Come on, it’s not difficult – there are only two kinds of advertising ideas

I mentioned that I’ve been involved recently in helping a client choose an agency, and so for the first time in a while I’ve been on the receiving end of a bunch of creative presentations.

Our brief asked for a big (or biggish) idea that could be executed across a number of different executions.  The ideas we saw took me back instantly to my long years as a creative director, and to the single comment I remember making most often in response to the thousands of ideas I was shown.

This was, almost always, “Sorry, but we need a Type 2 idea and this is a Type 1,” or, much more infrequently, “Sorry, but we need a Type 1 idea and this is a Type 2”.

From which you’ll gather that there are two types of campaign ideas.  You may be wondering what they are and what’s the difference between them, so I shall explain.

A Type 1 idea is a campaign idea that lets you say the same thing in lots of different executions.  The great Heineken campaign  Refreshes the parts other beers cannot reach is a Type 1 idea.  So is Should’ve gone to Specsavers.

A Type 2 idea is a campaign that lets you say lots of different things in lots of different executions, but in a way which is recognisably part of the same campaign.  Tesco’s Every little helps is a Type 2 idea.  So are Alexsandr and Sergei the meerkats for  So, in a slightly different way, was what is still the greatest body of work ever produced for a  single client by a single agency, Doyle Dane’s 1960s US work for Volkswagen:  there wasn’t exactly an idea, but there was a ruthlessly consistent look and feel and tone of voice, and an extraordinary attitude which said that in 1960s America, the home of the giant chrome-trimmed V8 gas guzzler, VW would revel in being ugly, small, cheap and slow.  

The fact is that for all their fame and for all the awards they’ve won, there are very few Type 1 campaigns.  There’s a simple reason for that, which is that very few brands can afford them.  Only big brands in big categories can swallow the cost of making campaigns consisting of big, single-minded, simple brand messages famous.  Back in my early days in Big Advertising I worked on a few – but ever since, I’ve worked in a world of Type 2 ideas.

Almost every brand that uses marketing communications needs a Type 2 idea.   A Type 2 idea provides some consistency, recognisability and distinctiveness to a whole bunch of messages in a whole bunch of media.  For example, an asset manager might need some “hurry hurry” ads reminding people not to miss the ISA deadline, an ad in the trade press about winning an award, some thematic messages about how active management adds value, a mailpack inviting intermediaries to a seminar, a series of digital Market Outlook pieces from the fund managers, and so on and so on and so on.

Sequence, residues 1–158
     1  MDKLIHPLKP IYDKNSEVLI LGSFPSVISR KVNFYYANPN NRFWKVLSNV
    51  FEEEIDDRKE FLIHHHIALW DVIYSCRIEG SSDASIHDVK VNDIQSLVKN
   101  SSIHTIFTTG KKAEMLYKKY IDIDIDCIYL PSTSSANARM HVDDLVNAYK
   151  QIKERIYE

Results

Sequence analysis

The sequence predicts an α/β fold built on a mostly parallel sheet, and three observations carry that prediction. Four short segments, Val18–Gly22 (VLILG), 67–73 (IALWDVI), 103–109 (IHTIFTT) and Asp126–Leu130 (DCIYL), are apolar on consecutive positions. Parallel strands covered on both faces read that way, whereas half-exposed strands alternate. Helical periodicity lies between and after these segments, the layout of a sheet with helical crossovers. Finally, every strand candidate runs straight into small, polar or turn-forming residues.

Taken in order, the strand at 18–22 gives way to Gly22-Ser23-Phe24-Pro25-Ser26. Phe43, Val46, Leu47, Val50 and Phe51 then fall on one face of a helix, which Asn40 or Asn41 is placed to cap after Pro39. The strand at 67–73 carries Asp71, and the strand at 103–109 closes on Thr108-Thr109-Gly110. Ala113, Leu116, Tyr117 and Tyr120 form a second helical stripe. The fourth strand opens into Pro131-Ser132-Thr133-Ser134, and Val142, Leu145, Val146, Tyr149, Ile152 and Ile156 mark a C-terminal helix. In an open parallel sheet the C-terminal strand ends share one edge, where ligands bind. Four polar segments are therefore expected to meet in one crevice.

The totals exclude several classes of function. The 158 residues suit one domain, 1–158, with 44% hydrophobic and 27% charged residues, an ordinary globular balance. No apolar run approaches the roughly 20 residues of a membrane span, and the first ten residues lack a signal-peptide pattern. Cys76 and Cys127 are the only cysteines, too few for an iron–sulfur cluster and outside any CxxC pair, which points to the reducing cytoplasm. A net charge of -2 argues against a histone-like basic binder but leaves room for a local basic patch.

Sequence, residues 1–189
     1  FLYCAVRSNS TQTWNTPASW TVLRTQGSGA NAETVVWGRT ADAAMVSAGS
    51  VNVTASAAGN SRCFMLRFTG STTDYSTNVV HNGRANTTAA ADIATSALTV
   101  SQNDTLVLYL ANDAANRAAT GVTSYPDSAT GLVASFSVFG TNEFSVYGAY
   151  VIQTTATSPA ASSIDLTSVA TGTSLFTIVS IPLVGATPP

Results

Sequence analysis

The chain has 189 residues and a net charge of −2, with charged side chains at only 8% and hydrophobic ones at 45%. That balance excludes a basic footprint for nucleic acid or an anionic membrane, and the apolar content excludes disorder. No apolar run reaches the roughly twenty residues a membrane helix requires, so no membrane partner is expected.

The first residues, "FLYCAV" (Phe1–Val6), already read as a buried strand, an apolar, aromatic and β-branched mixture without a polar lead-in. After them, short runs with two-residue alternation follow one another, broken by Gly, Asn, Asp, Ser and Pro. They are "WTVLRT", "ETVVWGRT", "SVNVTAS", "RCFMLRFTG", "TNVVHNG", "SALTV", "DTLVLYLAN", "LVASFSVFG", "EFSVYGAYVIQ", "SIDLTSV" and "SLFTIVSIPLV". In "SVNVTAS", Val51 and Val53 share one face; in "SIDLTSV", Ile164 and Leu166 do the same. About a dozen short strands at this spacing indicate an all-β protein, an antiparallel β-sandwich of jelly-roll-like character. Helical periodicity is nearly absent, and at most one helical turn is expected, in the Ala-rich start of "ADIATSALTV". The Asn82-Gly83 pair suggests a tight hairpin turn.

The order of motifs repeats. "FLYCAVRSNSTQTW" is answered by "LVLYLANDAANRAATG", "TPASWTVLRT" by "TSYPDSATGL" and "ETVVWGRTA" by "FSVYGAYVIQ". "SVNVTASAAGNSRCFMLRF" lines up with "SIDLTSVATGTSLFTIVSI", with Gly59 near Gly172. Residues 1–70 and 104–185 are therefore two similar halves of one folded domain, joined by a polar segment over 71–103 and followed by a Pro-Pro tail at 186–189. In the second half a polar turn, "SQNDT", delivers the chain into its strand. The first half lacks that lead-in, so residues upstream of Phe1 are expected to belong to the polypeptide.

But here’s the thing:  creative people would infinitely much rather come up with Type 1 ideas.  There are two main reasons for this.  First, on the whole, they believe that Type 1 ideas are “proper” advertising, especially if they appear on TV.  Considering how few of them there are, Type 1 ideas win an awful lot of awards.  And second, they’re much, much easier to do.  Coming up with the idea in the first place is hard, but once you’ve done that you can bash out a hundred scripts by tea-time.   Or, perhaps more to the point, before down-the-pub time.

Want to put this to the test?  Probably not, but just in case, here’s your idea:  someone can’t do something, they drink some Heineken and then they can do it.  A hundred ideas by tea-time?  Well, I suppose it depends a bit on what time it is now, but if it’s before 2.30 I’d say you’re in with a chance. 

(I should add that most of those hundred ideas won’t be any good.  Writing great Type 1 scripts is harder than it looks, precisely because the idea is so clear and obvious:  as a result, good scripts have to include some kind of twist or surprise to make the commercial worth watching.  If you know from the first frame exactly what’s going to happen, it’s not a good script.  But we’ll save this more advanced discussion for another time.)

Type 2 ideas work the other way round.  It may not be so hard to come up with the original big idea – quite a few, as in my VW example, are little more than a look and feel, a tone of voice and an attitude.  (Usually, also, a strapline, although VW didn’t bother and didn’t need one.)  But then you’re going to need to come up with further ideas – smaller ones maybe, but ideas all the same – for every single execution.  When you have an ad to do for VW about the reliability of the air-cooled engine, your look and feel, tone of voice and attitude don’t tell you to write How does the man who drives the snowplough get to the snowplough?  But if you do come up with that idea, you know you’ve written a VW ad.

We almost always need Type 2 ideas.  In my recent agency selection project, that’s certainly what the pitch brief specified (although, I should say, without these unfamiliar Type 1 and Type 2 labels).  But altogether, in the tissue meetings and the final presentations, the three agencies must have showed us over a dozen different concepts – and of those, all but a couple were Type 1.

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